The Canada Border and Services Agency (CBSA) may remove from Canada any person who has breached the Immigration and Refugee Protection Act (Canada) (the “Act”). There are three types of removal orders and each has different consequences. These include a Departure Order, an Exclusion Order, and a Deportation Order.

All three removal orders require the person concerned to confirm his or her departure fromCanada with the CBSA.


The Removal Procedure

If a removal order is issued and the individual files a claim for refugee protection, the removal order does not come into force until the claim has been decided. If the claim for refugee protection is accepted, the removal order will be cancelled. Unsuccessful claimants who had conditional departure orders issued against them must leave Canada within 30 days of the date of the final determination of the claim or the order becomes enforceable.


In all cases, the individuals and their authorized representatives are informed of the reasons for the removal and are given a copy of the removal order. Family members in Canada who are dependants of the person subject to a removal order may be included in the removal order provided they are not Canadian citizens or permanent residents 19 years of age or over.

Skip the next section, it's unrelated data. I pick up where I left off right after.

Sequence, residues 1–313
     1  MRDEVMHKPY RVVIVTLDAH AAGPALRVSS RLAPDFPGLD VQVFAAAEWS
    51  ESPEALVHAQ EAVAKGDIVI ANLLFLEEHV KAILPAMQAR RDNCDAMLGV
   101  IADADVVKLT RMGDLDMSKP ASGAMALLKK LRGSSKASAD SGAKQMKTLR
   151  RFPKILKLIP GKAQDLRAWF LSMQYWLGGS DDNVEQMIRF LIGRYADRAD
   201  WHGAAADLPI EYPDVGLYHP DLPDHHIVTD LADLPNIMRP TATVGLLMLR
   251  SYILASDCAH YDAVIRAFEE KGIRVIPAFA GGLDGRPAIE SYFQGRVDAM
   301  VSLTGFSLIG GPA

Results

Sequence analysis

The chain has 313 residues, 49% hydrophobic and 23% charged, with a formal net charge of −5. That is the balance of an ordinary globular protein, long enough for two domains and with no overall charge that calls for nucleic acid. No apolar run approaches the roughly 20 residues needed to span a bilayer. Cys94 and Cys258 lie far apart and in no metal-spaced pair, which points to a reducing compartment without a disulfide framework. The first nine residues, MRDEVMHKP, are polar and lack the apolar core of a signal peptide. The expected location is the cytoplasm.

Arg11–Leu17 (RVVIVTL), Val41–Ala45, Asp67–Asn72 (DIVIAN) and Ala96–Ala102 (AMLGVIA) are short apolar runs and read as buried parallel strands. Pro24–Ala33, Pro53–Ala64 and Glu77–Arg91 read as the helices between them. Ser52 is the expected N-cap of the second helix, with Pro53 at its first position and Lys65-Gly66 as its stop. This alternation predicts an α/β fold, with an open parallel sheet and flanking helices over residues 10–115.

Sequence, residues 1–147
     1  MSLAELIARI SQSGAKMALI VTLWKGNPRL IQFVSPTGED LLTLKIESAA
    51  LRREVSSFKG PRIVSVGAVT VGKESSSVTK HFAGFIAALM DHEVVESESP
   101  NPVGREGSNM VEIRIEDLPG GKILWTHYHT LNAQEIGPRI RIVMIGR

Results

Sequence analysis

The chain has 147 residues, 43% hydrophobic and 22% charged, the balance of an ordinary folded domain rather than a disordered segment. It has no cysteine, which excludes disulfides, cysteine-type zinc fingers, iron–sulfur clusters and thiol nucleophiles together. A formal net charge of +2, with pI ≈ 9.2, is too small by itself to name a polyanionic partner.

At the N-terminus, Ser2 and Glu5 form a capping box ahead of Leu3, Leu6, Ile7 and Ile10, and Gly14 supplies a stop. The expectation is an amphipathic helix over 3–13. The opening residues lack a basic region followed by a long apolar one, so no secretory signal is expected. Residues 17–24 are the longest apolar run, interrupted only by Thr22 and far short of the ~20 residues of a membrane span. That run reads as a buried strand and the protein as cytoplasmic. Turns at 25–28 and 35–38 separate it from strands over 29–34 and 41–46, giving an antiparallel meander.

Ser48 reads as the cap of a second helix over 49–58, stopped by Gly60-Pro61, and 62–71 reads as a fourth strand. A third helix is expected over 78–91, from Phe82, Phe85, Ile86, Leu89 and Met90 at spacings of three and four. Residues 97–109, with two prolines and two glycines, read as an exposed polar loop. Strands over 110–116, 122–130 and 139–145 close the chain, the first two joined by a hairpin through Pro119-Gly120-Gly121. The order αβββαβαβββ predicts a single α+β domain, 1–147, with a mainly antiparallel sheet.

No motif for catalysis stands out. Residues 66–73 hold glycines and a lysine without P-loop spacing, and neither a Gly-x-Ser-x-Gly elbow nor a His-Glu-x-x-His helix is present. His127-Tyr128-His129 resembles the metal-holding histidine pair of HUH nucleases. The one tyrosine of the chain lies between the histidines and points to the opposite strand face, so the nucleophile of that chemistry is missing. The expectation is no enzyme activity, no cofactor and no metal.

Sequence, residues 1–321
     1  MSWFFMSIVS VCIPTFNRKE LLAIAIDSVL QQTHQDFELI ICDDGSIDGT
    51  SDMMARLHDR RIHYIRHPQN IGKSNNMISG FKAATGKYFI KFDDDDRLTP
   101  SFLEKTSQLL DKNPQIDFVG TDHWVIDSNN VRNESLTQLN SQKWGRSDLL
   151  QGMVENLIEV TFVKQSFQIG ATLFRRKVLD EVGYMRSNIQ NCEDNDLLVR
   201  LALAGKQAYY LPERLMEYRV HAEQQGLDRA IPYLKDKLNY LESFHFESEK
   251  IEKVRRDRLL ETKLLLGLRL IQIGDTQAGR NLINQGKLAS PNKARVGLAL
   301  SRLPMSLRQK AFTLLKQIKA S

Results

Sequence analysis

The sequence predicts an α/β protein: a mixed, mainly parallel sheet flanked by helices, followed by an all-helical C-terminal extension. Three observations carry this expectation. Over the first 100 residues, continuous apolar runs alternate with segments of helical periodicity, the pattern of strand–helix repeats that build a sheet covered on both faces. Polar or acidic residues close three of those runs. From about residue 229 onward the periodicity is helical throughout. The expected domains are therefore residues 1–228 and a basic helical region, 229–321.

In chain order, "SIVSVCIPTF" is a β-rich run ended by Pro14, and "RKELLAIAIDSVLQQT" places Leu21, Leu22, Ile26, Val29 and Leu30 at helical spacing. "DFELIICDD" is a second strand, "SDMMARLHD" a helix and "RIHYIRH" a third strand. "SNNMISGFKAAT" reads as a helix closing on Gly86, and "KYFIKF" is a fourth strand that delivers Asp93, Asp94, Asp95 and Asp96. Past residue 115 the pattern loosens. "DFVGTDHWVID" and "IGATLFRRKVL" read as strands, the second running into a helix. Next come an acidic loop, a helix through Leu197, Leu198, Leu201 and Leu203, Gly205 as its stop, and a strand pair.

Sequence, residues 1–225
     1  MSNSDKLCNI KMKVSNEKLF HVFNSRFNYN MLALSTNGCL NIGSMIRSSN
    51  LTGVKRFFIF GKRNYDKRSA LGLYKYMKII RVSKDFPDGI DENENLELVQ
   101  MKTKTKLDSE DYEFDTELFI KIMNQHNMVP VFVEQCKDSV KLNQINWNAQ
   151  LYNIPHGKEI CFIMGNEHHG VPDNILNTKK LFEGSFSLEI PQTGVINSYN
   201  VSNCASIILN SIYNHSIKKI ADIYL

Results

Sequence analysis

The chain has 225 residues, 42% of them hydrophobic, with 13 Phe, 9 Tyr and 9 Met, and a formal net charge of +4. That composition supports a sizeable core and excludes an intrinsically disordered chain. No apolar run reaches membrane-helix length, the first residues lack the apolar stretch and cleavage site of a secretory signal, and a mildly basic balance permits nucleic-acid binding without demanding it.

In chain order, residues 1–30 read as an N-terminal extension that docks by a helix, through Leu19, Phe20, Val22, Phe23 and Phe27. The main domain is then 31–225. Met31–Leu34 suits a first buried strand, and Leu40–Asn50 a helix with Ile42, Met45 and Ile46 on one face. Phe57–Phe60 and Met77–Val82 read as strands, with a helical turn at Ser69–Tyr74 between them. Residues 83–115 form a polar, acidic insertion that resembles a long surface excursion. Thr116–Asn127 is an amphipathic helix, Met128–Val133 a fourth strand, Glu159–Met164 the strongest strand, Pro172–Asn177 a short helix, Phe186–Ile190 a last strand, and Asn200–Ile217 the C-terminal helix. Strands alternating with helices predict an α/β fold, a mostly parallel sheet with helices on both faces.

Who Is Not Eligible For an Appeal

Individuals cannot appeal if they have been found inadmissible because they:


  • are a security threat;
  • have violated human or international rights;
  • have received a sentence of at least two years for criminal activity;
  • are or have been involved in organized crime; or
  • have made a misrepresentation, except in cases where the person is the sponsor’s spouse, common-law partner or child.


Launching an Appeal

An individual who was issued a removal order may launch an appeal to the Immigration Appeal Division (IAD).

Under section 63(2) and 63(3) of the Act a person has a right to appeal a removal order at either an admissibility hearing or examination.

The IAD may allow an appeal and set aside an original decision based on the grounds of an error in law or fact, or of a breach of a principle of natural justice.

In general, the IAD takes about 10 months to decide an immigration appeal.

Although it is not required that a person be represented by a lawyer, it is highly recommended, due to the complexity of the appeal process.


Seeking the Advice of a Professional

If you have decided it is time to seek the advice of a professional ensure to email us your contact information and one of our lawyers will contact you promptly.



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